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Australian police hailed members of the public as heroes Tuesday after they stopped a man on a deadly stabbing rampage through central Sydney, pinning him to the ground with café chairs and a milk crate.
The attacker, named in local media as 21-year-old Mert Nay, allegedly killed one woman in an apartment building, and stabbed another in the back with a butcher’s knife in a nearby hotel, before he was confronted by members of the public in a dramatic daytime standoff.
Gripping footage shows the man climbing on the roof of an SUV stopped at an intersection, brandishing his knife and yelling “Allahu Albar” and “shoot me in the fucking head,” before he was restrained by a group of men who had pursued him.
“You know how many people you just stabbed, you dog?” a furious bystander yelled, aiming a kick at the prostrate attacker and threatening to kill him. “He just stabbed a chick in broad daylight.”
New South Wales police commissioner Mick Fuller said that while the suspect had been carrying a thumb drive espousing “terrorist ideologies” and detailing recent mass casualty attacks in New Zealand and the U.S., he had no known links to terror organizations and police were not currently treating the rampage as a terrorist attack — although it remains an “evolving investigation.”
“It is not currently classed as a terrorist incident,” he said. “As the investigation continues, we will reassess that.”
He said the man was known to police due to his history of mental health issues, while local media reported that anti-anxiety medication was found at the scene of his arrest.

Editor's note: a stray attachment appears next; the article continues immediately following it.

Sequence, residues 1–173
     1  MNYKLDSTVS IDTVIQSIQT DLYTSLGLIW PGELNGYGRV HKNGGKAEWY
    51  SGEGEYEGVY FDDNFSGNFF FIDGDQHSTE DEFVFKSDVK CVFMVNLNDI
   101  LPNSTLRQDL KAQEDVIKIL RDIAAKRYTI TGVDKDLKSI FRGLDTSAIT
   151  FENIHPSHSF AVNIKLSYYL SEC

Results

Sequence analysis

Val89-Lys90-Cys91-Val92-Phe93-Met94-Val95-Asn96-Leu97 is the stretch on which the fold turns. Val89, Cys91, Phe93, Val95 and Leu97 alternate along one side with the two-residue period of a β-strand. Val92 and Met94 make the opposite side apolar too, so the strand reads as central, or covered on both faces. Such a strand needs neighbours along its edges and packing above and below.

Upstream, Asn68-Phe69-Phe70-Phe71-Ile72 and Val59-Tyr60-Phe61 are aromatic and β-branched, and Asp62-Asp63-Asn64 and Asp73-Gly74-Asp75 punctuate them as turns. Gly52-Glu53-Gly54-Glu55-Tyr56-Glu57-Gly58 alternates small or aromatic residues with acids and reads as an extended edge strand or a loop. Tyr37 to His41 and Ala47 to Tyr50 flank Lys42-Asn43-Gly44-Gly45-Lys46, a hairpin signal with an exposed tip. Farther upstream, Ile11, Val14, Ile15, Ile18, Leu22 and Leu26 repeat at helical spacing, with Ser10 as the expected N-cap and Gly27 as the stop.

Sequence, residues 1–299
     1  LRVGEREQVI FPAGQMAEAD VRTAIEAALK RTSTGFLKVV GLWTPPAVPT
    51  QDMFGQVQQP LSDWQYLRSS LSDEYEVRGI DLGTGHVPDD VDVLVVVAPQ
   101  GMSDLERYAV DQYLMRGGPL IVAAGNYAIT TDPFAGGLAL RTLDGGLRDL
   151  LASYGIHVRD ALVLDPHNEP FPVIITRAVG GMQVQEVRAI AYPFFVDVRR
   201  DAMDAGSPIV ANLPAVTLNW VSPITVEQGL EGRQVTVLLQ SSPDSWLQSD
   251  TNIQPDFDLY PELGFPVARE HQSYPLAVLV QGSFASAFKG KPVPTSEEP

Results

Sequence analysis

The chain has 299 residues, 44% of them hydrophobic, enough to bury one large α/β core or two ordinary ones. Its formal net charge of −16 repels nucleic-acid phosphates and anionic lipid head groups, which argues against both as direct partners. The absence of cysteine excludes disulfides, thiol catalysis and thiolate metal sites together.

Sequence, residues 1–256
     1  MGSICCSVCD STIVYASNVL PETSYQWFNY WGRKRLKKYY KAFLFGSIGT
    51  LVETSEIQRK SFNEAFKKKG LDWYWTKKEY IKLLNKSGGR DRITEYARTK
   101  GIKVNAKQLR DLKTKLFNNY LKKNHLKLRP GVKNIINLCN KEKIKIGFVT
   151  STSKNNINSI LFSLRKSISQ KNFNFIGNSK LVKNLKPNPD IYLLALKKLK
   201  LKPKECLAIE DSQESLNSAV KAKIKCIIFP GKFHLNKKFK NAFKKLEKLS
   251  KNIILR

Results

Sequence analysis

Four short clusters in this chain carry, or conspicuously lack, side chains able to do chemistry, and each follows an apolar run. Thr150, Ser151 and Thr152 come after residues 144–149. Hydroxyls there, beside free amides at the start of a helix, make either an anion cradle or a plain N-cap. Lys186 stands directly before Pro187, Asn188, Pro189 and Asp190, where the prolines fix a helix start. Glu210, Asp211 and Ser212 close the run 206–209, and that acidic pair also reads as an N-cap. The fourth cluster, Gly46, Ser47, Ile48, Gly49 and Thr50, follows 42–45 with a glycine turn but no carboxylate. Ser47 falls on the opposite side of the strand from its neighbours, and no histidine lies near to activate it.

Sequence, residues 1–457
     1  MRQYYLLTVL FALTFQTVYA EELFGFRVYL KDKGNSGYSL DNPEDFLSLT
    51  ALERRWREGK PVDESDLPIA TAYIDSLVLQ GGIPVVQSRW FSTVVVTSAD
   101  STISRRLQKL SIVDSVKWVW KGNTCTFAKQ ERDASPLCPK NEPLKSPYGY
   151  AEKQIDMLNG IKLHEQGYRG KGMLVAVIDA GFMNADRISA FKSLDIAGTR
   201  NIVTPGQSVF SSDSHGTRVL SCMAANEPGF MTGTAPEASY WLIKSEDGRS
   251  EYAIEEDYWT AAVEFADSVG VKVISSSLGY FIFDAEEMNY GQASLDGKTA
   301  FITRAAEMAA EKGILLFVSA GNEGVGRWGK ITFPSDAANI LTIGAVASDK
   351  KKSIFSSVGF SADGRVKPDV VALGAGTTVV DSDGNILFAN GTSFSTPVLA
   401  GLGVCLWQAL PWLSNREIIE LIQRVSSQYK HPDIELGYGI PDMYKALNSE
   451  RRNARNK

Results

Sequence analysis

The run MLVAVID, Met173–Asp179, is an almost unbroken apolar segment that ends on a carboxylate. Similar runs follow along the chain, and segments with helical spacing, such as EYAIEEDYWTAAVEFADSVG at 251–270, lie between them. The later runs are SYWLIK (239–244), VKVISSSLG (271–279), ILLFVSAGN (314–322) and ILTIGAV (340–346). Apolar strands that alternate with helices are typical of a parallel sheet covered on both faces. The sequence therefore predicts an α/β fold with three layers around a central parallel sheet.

“His history is unremarkable compared to the gravity of his crimes,” Fuller said.
Police said the first victim, a 21-year-old woman, was found dead in an apartment in the central business district with undisclosed injuries. The second victim, a 41-year-old woman, was in a stable condition in hospital with stab wounds to her back. There was no apparent link between the two women, police said.
The sight of the knife-wielding man sent hundreds of panicked city workers running for their lives. Uber driver Leon Baghani was driving an elderly couple when the attacker climbed onto the roof of his SUV at an intersection.
“For a second, I thought maybe he's wearing a vest of some sort and he's going to detonate himself,” Baghani told Australia’s Ten Network. “So I quickly accelerated and made a left turn and made sure that he came off the roof of the car.”
Police and politicians praised the actions of members of the public who chased the attacker, armed with chairs and a crowbar, before pinning him down. Fuller described them as “highest-order heroes.”
Speaking to reporters at the scene shortly after the incident, one of the men, 37-year-old Paul O'Shaughnessy, said they became involved after they saw the man jumping on a car.
"We were like 'Wow, what's going on here'," he said.
Along with his brother Luke, their colleague, Lee Cuthbert, and another man, Alex Roberts, they chased the man down.
"For us, it was just about restraining him," O'Shaughnessy said. "My brother, he was the hero. He got a grip of him, along with another guy we don't know, and put a crate on his head. He was just mumbling religious things.”
Police Superintendent Gavin Wood described the men as "significantly brave."
“These people are heroes," he told reporters.
Australian Prime Minister Scott Morrison praised the “brave actions” of the group who intervened, while New South Wales Police Minister David Elliott also hailed their actions.
“This is how Sydneysiders respond,” he said. “If you want to behave in this sort of manner, if you want to put life and property at risk, it’s not just the police who will respond.”
Cover: Paul O'Shaughnessy, center, tells how he and his brother Luke chased down a man who attempted to stab multiple people in Sydney, Australia, Tuesday, Aug. 13, 2019. Police and witnesses say a knife-wielding man yelling "Allahu akbar," or "God is great," has attempted to stab several people before being arrested, with one person taken to a hospital. (AP Photo/Rick Rycroft)